Eye


Contact Lens: Thin shell of plastic which rests directly on the tear film of the cornea and corrects

refractive errors or acts as a bandage releasing medication



Convergence: Turning of the two eyes inward toward the nose at the same time to see a nearby object

Convex Lens: Lens having the power to converge rays of light and bring them to a focus; also known as converging, magnifying, hyperopic, or plus lens; denoted by the sign (+)

Corneal Graft: Graft Operation to restore vision by replacing a section of opaque cornea with transparent

cornea


Cover Test: Test covering one eye with an opaque object to determine the presence and degree of

deviation of the eyes from normal position



Cyclitis: Inflammation of the ciliary body

Cylindrical Lens: Lens used in the correction of astigmatism

Dacryocystitis: Inflammation of the lacrimal sac

Dark Adaptation: The ability of the retina and pupil to adjust to a dim light

Degeneration: Tissue change which lessens the ability to perform a function

Depth Perception: The ability to perceive the solidity of objects and their relative position in space

Diopter: Metric unit used to denote the strength of the eye or lens; indicated by the sign of a triangle

Diplopia: Double vision

Distant Vision: Ability to distinctly perceive objects at a distance, usually 20 feet or greater

Divergence: Turning outward of both eyes at the same time

Ectropion: Turning inside out of the eyelid


Edema: Abnormal and excessive accumulation of fluid in the spaces between tissue cells

Electroretinogram: A graphic record of electrical activity of the retina; used for the diagnosis of retinal

Disease


Emmetropia: Normal refractive state with images focused on the retina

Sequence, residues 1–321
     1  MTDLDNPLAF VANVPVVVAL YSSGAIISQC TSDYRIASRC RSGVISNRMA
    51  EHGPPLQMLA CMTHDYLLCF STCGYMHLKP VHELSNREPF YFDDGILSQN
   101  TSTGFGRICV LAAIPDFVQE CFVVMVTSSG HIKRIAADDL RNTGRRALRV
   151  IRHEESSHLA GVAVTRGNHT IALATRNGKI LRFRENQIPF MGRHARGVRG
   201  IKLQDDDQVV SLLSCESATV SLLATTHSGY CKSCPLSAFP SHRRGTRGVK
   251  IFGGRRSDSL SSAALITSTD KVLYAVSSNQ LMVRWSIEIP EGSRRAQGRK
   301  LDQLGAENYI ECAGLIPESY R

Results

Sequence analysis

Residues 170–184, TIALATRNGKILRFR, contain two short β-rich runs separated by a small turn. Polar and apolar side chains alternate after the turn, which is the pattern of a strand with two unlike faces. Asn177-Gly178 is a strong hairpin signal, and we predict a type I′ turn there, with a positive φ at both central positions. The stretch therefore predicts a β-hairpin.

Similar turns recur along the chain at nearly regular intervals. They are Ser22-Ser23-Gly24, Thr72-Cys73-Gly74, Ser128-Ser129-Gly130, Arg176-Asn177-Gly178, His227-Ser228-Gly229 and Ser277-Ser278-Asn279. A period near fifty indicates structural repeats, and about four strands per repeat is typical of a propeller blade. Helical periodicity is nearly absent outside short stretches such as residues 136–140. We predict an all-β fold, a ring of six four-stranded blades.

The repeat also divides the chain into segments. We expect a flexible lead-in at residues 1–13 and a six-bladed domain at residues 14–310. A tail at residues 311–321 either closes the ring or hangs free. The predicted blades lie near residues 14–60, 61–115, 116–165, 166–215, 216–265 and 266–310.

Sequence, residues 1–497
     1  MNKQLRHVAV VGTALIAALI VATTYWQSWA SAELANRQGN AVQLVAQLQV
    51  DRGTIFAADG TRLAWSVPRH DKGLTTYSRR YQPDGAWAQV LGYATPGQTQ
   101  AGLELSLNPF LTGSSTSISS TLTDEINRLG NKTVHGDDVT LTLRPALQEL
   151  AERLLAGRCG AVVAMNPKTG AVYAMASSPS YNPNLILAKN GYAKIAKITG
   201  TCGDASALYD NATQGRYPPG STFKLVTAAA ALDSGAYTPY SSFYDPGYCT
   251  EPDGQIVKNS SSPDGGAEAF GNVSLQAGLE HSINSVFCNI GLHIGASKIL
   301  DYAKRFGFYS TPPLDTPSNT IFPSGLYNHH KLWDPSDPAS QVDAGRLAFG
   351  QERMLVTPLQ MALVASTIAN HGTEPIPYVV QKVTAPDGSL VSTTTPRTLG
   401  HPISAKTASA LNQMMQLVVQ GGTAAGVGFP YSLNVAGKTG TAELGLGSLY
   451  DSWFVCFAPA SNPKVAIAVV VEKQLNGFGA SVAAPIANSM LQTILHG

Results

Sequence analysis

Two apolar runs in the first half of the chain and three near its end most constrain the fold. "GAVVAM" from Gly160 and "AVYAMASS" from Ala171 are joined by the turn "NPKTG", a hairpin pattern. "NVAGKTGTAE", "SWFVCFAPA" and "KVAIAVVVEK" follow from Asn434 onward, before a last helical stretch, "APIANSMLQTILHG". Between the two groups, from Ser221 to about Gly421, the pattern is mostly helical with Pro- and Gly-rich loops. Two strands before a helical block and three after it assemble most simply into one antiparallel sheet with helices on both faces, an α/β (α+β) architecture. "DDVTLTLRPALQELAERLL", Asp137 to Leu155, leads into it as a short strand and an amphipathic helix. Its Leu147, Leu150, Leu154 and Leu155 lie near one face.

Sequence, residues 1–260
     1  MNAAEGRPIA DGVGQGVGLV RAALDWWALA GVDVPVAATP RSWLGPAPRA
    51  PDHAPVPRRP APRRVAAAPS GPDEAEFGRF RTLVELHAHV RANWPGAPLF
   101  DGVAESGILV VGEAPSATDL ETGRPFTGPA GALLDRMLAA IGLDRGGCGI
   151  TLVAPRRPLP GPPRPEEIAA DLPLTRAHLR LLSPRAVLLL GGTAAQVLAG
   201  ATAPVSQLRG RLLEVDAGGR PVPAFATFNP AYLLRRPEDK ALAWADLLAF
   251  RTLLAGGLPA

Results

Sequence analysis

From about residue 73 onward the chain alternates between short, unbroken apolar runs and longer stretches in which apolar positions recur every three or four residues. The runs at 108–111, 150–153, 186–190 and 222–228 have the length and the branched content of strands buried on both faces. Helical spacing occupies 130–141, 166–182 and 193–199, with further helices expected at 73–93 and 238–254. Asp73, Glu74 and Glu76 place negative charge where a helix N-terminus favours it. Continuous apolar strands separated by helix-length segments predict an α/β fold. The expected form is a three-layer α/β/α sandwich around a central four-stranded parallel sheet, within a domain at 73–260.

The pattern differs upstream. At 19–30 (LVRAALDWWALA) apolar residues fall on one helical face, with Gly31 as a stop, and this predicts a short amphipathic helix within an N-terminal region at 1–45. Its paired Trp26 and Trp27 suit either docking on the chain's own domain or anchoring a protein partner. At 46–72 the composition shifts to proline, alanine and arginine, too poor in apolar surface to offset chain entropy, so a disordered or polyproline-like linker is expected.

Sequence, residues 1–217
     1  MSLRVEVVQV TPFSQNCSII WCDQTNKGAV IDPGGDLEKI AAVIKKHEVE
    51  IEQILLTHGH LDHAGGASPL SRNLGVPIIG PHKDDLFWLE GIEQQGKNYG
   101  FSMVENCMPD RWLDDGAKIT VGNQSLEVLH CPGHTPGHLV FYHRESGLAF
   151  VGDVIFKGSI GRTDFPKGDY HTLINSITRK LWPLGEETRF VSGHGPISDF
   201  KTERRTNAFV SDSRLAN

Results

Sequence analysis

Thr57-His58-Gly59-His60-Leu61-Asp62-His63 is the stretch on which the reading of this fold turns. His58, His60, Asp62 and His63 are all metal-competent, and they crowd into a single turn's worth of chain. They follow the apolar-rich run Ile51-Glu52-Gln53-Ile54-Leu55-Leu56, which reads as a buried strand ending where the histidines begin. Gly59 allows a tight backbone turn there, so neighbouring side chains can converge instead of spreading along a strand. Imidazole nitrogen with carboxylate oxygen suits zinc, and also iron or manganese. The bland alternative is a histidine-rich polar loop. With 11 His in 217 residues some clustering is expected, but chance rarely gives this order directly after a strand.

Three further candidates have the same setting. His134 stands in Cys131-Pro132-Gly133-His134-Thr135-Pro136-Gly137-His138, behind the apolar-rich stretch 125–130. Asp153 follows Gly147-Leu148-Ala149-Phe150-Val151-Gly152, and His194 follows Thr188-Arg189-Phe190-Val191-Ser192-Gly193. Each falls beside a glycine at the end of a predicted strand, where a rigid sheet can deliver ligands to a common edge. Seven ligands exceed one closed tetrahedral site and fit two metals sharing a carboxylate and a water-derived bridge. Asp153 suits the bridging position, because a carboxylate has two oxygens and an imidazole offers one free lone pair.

Endophthalmitis: Inflammation of most of the internal structures of the eye

Esotropic: A turning inward of the eyelid

"E" Test: A system of testing the visual acuity of nonreaders

Exenteration: Removal of the entire contents of the orbit, including the eyeball and lids

Exophoria A tendency of the eyes to turn outward

Exophthalmos: Abnormal protrusion of the eyeball

Extropia: Obvious outward turning of one or both eyes

Exudates: Fluid or cells which escape from diseased blood vessels

Eye Dominance: Tendency of one eye to assume the major function of seeing

Far Sightedness: A refractive error in which the focal point for light rays is behind the-retina (hyperopia, hypermetropia); the ability to see objects at a great distance

Field of Vision: The entire area which can be seen without shifting the gaze

Fixation: Directing the eye to an object so that its image, in the normal eye, centers on the fovea

Floaters: Small dark particles in the vitreous humor
Fluorescein Angiography: Photography of the ocular fundus after the injection of fluorescein dye into

The bloodstream



Focus: The point at which light rays meet after passing through the lenses; in normal eyes this point is on